Tracking the coronavirus pandemic: First signs of a 2nd wave
The number of daily new confirmed cases in Delhi has been rising for about a fortnight now. The Union territory reported more than 7,500 new cases on Thursday.
Delhi is in the midst of the third wave of the Covid-19 pandemic. The number of daily new confirmed cases in Delhi has been rising for about a fortnight now. The Union territory reported more than 7,500 new cases on Thursday. As the focus continues to stay at the national capital, data from other states suggests that India may be beginning to see the second wave of the coronavirus disease (Covid-19) pandemic.
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Daily new cases have stopped dropping
India saw an increasing trend of daily new confirmed Covid-19 cases for about six months after the infection first started spreading in the country. The number of daily new cases peaked just short of the 100,000 mark on September 10 (when 99,181 new cases were reported). This was followed by a decreasing trend in the daily new cases till the end of October before the rate of decrease slowed and the curve of daily new cases flattened. To be sure, the daily new cases significantly decreased earlier this week, mainly due to a decrease in the number of tests conducted over the weekend, which coincided with the festival of Diwali. An average of 45,800 new cases were reported in India on Wednesday and Thursday, which is a little more than the average of daily new cases reported on weekdays last week. Recorded cases typically lag tests by a day. Only 735,551 tests were conducted on Sunday as compared to an average of 1,09,8200 every weekday last week.
How this is a sign of the second wave
The trajectory that the graph of the daily new cases in India is following — it first rose to a peak, then decreased and is now stagnant — has been similar to that in other big countries which have seen subsequent waves of the pandemic as well. This has been seen in the US (it is in its third wave of the pandemic now), the United Kingdom (which seems to be near the peak of the second wave), Russia and Italy (both are seeing much stronger second waves). The subsequent waves in the US and Russia came almost immediately after the daily new cases from the previous wave stopped dropping. In the case of Italy and the UK, there was a longer gap between the first and the second wave.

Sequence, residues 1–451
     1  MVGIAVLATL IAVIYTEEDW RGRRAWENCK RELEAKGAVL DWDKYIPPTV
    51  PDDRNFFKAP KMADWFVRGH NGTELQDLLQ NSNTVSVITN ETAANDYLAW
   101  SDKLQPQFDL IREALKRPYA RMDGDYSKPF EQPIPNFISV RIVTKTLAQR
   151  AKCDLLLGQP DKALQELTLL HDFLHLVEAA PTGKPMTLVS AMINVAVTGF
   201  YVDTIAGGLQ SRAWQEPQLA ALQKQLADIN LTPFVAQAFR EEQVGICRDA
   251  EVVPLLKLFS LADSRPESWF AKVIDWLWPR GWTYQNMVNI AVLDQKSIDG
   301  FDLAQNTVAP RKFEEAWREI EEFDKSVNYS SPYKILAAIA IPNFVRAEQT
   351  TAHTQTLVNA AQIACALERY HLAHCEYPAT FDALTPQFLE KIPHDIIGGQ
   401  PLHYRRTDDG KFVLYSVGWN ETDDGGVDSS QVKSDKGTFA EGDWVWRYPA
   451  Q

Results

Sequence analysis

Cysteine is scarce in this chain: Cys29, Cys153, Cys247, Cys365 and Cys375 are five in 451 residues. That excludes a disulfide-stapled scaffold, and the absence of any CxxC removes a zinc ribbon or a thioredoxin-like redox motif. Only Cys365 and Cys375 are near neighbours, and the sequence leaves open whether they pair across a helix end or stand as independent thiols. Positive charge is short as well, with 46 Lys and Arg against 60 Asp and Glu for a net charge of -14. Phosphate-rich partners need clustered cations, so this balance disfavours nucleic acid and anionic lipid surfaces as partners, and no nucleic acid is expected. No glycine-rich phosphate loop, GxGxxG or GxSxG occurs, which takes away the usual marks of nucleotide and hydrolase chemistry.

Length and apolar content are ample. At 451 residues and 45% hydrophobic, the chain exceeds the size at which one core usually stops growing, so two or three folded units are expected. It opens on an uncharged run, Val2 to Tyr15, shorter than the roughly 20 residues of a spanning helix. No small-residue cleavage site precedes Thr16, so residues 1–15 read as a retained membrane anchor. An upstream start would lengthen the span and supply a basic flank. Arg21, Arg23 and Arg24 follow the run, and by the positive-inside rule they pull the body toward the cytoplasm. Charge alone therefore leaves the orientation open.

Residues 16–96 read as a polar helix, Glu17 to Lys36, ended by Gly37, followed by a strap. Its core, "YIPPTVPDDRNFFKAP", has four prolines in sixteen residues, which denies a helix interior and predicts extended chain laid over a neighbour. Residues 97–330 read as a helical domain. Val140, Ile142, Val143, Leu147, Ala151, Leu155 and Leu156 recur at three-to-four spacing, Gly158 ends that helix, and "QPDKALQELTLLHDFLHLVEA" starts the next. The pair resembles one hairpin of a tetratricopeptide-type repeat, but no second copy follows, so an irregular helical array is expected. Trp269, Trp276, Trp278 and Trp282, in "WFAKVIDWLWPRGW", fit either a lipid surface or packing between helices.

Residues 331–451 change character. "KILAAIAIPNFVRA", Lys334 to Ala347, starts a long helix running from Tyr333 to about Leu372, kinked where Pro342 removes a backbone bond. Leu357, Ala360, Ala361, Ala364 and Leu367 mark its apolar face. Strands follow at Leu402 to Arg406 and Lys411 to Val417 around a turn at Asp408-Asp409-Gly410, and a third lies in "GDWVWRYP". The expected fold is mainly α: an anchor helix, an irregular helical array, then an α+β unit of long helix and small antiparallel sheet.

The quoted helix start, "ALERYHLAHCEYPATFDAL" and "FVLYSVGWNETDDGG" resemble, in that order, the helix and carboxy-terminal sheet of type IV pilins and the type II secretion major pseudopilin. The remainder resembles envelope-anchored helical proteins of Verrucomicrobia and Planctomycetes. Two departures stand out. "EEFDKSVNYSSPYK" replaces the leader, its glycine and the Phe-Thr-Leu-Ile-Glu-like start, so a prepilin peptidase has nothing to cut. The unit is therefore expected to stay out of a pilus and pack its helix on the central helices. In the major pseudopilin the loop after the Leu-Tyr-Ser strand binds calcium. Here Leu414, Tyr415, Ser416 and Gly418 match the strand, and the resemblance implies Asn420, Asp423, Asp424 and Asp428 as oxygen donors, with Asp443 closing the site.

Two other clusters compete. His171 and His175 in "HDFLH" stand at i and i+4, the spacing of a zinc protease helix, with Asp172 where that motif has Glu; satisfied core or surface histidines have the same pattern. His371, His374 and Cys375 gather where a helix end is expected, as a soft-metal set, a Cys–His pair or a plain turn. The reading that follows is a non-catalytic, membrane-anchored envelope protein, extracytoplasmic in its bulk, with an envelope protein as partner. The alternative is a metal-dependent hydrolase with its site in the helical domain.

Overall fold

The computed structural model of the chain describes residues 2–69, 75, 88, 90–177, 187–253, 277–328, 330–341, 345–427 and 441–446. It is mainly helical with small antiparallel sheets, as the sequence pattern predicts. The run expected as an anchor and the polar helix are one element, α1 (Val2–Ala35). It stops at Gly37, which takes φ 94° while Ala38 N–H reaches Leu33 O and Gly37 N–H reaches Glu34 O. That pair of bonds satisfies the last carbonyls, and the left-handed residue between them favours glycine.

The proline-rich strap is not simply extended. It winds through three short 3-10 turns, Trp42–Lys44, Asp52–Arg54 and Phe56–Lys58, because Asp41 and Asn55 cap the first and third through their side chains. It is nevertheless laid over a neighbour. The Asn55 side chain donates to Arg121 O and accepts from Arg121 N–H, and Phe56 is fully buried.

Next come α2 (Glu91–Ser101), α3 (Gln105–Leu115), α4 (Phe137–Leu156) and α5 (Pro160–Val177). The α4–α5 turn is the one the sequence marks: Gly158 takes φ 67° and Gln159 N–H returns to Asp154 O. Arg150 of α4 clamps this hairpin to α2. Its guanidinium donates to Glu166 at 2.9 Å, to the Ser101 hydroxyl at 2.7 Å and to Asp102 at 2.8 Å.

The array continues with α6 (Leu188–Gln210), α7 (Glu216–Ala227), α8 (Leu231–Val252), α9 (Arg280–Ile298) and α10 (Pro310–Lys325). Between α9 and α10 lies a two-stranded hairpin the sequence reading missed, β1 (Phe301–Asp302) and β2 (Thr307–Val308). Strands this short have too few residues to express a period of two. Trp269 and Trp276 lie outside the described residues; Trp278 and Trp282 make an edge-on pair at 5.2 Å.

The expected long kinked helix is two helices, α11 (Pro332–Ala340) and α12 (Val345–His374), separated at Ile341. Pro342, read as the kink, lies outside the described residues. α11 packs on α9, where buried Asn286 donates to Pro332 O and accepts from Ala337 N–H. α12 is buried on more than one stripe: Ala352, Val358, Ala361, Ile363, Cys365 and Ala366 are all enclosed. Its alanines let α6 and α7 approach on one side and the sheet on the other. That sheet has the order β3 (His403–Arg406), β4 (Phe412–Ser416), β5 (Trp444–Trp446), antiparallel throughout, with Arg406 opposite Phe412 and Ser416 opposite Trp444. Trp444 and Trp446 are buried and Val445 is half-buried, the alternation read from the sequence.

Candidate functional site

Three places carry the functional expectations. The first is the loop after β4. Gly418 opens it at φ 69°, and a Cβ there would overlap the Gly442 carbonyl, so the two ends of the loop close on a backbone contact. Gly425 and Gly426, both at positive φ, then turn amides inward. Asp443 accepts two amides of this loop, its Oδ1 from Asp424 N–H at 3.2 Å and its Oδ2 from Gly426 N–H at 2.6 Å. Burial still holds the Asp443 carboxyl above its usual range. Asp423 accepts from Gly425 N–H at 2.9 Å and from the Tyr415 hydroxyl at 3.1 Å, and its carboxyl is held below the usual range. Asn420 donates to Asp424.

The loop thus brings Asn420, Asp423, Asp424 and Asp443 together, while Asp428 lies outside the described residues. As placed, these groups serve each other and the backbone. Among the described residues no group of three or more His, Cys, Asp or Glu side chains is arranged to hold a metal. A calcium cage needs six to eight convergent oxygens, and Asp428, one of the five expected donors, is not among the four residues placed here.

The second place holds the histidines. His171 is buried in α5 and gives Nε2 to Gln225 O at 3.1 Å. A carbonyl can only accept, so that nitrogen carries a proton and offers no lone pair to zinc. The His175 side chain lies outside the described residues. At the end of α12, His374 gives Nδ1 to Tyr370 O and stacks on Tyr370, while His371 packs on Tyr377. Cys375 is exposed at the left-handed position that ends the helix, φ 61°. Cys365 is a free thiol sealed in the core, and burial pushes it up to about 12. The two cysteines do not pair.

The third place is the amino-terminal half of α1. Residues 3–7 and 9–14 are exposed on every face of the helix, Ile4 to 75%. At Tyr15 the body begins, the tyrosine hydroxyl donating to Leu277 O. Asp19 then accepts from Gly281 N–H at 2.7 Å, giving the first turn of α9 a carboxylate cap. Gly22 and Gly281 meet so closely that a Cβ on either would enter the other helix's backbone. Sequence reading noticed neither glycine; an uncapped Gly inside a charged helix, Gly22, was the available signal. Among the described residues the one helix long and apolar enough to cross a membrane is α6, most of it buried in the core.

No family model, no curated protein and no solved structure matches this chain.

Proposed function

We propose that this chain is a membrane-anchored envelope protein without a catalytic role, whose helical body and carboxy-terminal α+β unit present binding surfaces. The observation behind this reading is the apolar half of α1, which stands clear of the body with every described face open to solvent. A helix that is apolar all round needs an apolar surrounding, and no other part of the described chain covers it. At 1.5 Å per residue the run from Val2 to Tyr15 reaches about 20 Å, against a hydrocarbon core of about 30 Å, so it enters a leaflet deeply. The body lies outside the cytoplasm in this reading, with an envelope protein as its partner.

Cases are again increasing in some big states
Time will tell how the case trajectory in India moves, but data from several of India’s big states other than Delhi shows that the cases there have started to increase in the last fortnight. These states include Gujarat, Haryana, Himachal Pradesh, Madhya Pradesh, Rajasthan and Punjab. Union territory Chandigarh has also shown a slightly increasing trend in daily new cases. These states and Delhi are home to nearly a quarter of India’s population. Three of these states — Gujarat, Madhya Pradesh and Rajasthan — were among those that led the first wave of the pandemic in the country. These are big states, so a sharp increase in cases there is bound to increase the national case tally. To be sure, there are other big states where the trajectory of daily new cases continues to decrease, such as Andhra Pradesh, Assam, Karnataka, Maharashtra and Tamil Nadu.
How bad will the wave be?
India is far better prepared to handle a surge in Covid-19 cases than it was when the infection first started spreading. The country also has more resources for testing. The world in general is now better aware of what treatments work and how to handle the symptomatic and asymptomatic cases. India’s monthly case fatality rate — new deaths as a share of new cases — has been decreasing over time: It was 3.24% in April but fell to 1.15% in October. But even as the country may be better prepared and more aware, a steep surge in cases could overburden the country’s health care infrastructure and thereby lead to higher fatality rates. This makes it all the way more important to take precautions such as wearing a face mask and maintaining social distancing norms.